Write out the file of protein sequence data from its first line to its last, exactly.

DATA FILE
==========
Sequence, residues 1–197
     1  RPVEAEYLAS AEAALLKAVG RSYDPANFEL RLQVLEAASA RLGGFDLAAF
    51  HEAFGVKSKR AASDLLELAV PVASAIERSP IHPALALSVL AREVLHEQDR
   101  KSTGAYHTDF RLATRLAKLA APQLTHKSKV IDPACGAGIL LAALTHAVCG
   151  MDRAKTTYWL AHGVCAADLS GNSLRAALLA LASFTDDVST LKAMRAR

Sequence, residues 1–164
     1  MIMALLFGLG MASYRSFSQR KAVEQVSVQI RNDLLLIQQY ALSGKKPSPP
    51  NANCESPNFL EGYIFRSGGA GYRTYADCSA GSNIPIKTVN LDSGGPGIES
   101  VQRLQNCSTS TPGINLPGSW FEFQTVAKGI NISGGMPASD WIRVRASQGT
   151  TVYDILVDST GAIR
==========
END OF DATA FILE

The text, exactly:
Sequence, residues 1–197
     1  RPVEAEYLAS AEAALLKAVG RSYDPANFEL RLQVLEAASA RLGGFDLAAF
    51  HEAFGVKSKR AASDLLELAV PVASAIERSP IHPALALSVL AREVLHEQDR
   101  KSTGAYHTDF RLATRLAKLA APQLTHKSKV IDPACGAGIL LAALTHAVCG
   151  MDRAKTTYWL AHGVCAADLS GNSLRAALLA LASFTDDVST LKAMRAR

Sequence, residues 1–164
     1  MIMALLFGLG MASYRSFSQR KAVEQVSVQI RNDLLLIQQY ALSGKKPSPP
    51  NANCESPNFL EGYIFRSGGA GYRTYADCSA GSNIPIKTVN LDSGGPGIES
   101  VQRLQNCSTS TPGINLPGSW FEFQTVAKGI NISGGMPASD WIRVRASQGT
   151  TVYDILVDST GAIR